Ian Stirling, perhaps the nation’s top polar bear biologist, is one of them. “I’ve been studying polar bears in western Hudson Bay for 35 years, and I know of only one cub and two other adults that were victims of cannibalism,” says the Canadian Wildlife Service researcher. “To get eight in one year is really dramatic, especially when the bears came off the ice this year in fairly good shape. It was a long winter and they had that extra time to hunt seals and put on weight before the ice went out. But it apparently wasn’t enough to sustain all of them until freeze-up, which was particularly late this year.”
Now that greenhouse gases are rapidly warming the Arctic, rising temperatures are thinning the sea ice in western Hudson Bay and other parts of the Far North to record lows. Last year’s late freeze-up is just one bit of evidence of these changes. According to research conducted by Andrew Derocher and his team at the University of Alberta, three-quarters of the polar bear management zone along western Hudson Bay should have been covered by ice during the first week of December. But last year, during that period, only 21 percent was frozen.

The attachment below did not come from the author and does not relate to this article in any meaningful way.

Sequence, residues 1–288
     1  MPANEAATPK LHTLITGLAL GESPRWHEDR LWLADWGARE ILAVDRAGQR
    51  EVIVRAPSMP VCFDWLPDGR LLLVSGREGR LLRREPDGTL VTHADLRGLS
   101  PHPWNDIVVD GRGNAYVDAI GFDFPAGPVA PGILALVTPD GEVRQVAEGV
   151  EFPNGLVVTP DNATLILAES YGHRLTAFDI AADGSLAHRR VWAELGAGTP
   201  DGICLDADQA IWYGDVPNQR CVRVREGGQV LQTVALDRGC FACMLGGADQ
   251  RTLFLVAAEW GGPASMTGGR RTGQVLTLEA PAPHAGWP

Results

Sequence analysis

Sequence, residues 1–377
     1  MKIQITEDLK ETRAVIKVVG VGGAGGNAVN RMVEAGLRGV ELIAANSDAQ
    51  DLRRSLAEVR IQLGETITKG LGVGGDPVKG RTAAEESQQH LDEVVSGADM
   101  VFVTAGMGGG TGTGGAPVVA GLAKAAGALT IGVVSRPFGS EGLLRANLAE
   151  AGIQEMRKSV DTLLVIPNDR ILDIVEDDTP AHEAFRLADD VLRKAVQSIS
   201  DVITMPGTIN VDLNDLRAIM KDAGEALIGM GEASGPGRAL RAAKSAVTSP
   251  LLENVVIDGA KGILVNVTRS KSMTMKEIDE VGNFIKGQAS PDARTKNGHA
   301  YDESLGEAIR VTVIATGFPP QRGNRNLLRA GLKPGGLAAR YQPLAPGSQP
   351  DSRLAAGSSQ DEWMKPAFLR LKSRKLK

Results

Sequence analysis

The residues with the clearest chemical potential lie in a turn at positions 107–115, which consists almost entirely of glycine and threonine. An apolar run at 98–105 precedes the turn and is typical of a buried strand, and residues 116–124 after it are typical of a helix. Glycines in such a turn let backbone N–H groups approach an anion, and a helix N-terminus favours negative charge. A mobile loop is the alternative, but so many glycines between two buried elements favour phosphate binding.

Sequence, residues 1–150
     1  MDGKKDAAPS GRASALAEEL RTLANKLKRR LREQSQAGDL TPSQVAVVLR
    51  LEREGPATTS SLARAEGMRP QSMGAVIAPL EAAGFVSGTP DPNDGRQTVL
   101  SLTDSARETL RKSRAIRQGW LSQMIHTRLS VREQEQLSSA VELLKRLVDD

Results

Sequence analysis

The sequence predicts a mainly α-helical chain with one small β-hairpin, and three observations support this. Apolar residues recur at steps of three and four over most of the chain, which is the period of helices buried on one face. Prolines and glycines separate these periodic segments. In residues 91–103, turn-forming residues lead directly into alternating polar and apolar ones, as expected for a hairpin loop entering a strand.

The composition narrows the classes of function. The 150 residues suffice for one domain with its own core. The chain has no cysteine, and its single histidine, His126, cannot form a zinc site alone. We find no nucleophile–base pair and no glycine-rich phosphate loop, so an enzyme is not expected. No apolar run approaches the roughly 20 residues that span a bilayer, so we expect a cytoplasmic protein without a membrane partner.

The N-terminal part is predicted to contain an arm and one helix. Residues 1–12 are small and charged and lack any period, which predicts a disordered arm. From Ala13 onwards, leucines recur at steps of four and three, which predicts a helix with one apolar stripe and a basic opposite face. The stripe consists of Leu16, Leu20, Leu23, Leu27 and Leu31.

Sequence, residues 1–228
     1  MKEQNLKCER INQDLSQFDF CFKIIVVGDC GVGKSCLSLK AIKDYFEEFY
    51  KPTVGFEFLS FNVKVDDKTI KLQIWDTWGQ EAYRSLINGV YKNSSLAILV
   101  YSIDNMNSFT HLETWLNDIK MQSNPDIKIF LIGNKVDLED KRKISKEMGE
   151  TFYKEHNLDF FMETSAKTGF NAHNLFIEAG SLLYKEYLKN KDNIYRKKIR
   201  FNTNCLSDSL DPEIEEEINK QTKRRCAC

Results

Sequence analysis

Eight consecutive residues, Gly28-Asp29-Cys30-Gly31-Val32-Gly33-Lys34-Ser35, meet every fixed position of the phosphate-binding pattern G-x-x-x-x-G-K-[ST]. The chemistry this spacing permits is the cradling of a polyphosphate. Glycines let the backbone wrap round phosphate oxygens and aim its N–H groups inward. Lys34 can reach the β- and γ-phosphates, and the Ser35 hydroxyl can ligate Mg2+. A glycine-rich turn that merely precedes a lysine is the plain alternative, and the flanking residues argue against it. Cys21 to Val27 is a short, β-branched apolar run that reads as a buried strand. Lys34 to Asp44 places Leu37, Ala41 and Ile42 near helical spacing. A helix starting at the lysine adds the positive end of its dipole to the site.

Polar bears aren’t the only victims of this change. In the past decade, Arctic cod – which feed along the ice – have been replaced by capelin and sandlance as the main fish in Hudson Bay. Killer whales, once blocked by the ice that choked the narrow strait leading into the bay and other Arctic waters, are beginning to prey on narwhal and beluga. With less ice to hide under, belugas are becoming easier targets. And in other parts of the Arctic, warming temperatures are giving mosquitoes, blackflies, warble flies and other parasites more opportunities to take their toll on caribou, muskoxen and nesting birds. These warmer temperatures are also giving southern species such as Pacific salmon, red fox and killer whales the opportunity to migrate north.